After a quarter century in prison, Michael Morton walked free without bitterness or anger. Instead, he was determined to change the law so no one else would suffer like he did.
More than two years after CBS News interviewed him for "60 Minutes," correspondent Lara Logan wanted to see what Morton had made of his life -- and the freedom he'd fought so hard for.
At the end of a small lake tucked away in east Texas, the air smells of pine. A warm breeze carries across the water, and Michael Morton relishes his new home.
"I get to watch the world wake up every day," Morton said. "And I get to do that on my terms -- not anybody else's."
The cell where Morton spent much of his time in prison could not be more different from this.
"I've lost so much, it takes very little to make me happy. I'm married now, and my wife loves it that I think she's a great cook. She said, 'Well, you know, after what he's been eating, I can serve him anything!"' he said, laughing.
"Happiness is normalcy. I'm just not in that cage," he said.
Morton's nightmare began in 1986, when his wife Christine was bludgeoned to death in their home in Austin, Texas. Despite no direct evidence linking him to the crime, he quickly became the prime suspect. At his trial, Williamson County District attorney Ken Anderson painted a picture of him as a violent, sexually depraved murderer who showed no remorse for his crime.
"It got sickening after awhile to watch him cry at the wrong times and he seemed only to cry for himself," Anderson had said.
The jury believed Anderson and sent Morton to prison for life. He'd lost his wife, his freedom and now, his son, Eric.
A home video was taken just months before they were separated -- a heartbreaking moment Morton described on "60 Minutes."
"They literally pulled my son out of my arms, 'cause he was screaming for me. And, you know, the little hand is out. And ... he's being pulled away. And that was one of the worst parts," he said.
Eric was 3 years old when his father was arrested, and Eric grew up believing he was a murderer. Over the years, he gradually erased him from his life and even changed his name. So the news that DNA evidence had proven Morton was not guilty was at first hard for Eric to accept.
"I was a little scared because it just meant, you know, something was going to change," Eric said.
In fact, everything changed.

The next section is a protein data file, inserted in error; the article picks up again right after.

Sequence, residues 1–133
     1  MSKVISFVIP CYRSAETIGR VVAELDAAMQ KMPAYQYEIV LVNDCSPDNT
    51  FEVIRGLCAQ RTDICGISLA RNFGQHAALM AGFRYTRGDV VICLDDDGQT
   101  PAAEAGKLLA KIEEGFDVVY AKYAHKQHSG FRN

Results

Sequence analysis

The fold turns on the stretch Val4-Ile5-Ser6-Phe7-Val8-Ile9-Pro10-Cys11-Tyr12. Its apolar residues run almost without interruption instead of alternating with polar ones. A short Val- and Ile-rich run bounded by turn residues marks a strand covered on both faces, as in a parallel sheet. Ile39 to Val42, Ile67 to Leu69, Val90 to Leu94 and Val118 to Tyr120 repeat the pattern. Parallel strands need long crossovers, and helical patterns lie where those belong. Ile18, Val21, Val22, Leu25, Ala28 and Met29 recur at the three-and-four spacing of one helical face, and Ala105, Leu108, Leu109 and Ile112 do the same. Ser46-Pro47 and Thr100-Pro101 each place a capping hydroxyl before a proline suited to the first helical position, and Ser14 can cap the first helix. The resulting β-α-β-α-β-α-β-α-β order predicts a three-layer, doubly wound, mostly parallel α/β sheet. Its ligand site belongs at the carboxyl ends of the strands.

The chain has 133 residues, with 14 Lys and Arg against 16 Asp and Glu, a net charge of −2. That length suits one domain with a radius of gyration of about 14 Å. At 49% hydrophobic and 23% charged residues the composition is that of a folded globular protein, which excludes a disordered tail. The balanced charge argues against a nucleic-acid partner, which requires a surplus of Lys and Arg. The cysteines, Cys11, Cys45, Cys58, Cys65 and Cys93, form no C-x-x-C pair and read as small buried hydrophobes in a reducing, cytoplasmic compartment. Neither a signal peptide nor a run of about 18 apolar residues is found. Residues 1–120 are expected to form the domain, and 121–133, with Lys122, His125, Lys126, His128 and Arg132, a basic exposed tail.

Logan met with Eric and his dad at the Houston home of Morton's lawyer and close friend, John Raley. It was here, on a bench in November 2011, that Eric and his father were reunited. They hadn't seen each other for 15 years.
"One of the cool things about us getting back together is nobody -- nobody can tell him the things about his mother that I can. And that's been a real strong link between us," Morton said.
He said she brought them together, even in death.
Not long after Morton came out of prison, Eric and his wife, Maggie, had their first child -- a baby girl. They called her Christine, after his mother.
"I thought she was the golden child. You know?" Morton said about the first time he held his granddaughter. "Everything she did was perfect. But -- I also could not not see my late wife's eyes in there too, 'cause she had those same eyes."
Christine is now two years old and has a little brother, Patrick. They live a few hours away from their grandparent,s who try to see them as much as they can.
"Every day's good," Eric said. "You know, there's not much we could do that I'd be disappointed in."
Morton can't stop smiling, sitting next to his son. The last time Logan had met with him, he was just getting to know his son again.
"And, in fact, it was a little overwhelming because I was getting to know everything -- the people you associate with, good food ..." Morton said.
Morton credits Raley and a team of lawyers from the Innocence Project, led by Barry Scheck, for his freedom. He and his attorneys say he would have never been convicted if his former prosecutor, Anderson, had not withheld evidence during his trial.
The legal team worked hard to see Anderson held accountable, and last year he was sentenced to prison for ten days, resigned from the bench and was banned from practicing law in Texas.
It was regarded as an unprecedented outcome. But it was not Morton's only victory: he also lobbied successfully for a new law that requires entire files be handed over, not just evidence the prosecution deems favorable to the defense. It's called the Michael Morton Act.
Previously, prosecutors got to be gatekeepers. "They got to decide, 'Well, I may or may not turn this over,"' Raley said.
"Now they must turn over all offense reports, which are the investigation of the police officers or the deputies. They have to turn those over -- the complete file. It's a different world now."
Morton has also been the subject of an award-winning documentary and written a book about his life published by CBS subsidiary Simon & Schuster. He now lives with his wife, Cynthia, at the end of that small lake in east Texas.
"Being in the water is like flying. ... And so, water's kind of freedom," Morton said.
Morton said he is at peace.
"As crazy as it is, life makes sense to me. ... And whether I'm delusional or not, it doesn't matter. It feels good to think you get it. I'm a blessed man," he said.
Last year, Morton saw his wife's real killer sentenced to life in prison.
That man, Mark Alan Norwood, has since been charged with another murder that took place after he killed Christine Morton.
Meanwhile, the Innocence Project is conducting a review of all cases prosecuted by Anderson in Williamson County.
Earlier, we reported that Mark Alan Norwood had been charged with a murder that occurred one month after the murder of Christine Morton. In fact, the second murder occurred 17 months later. We regret the error.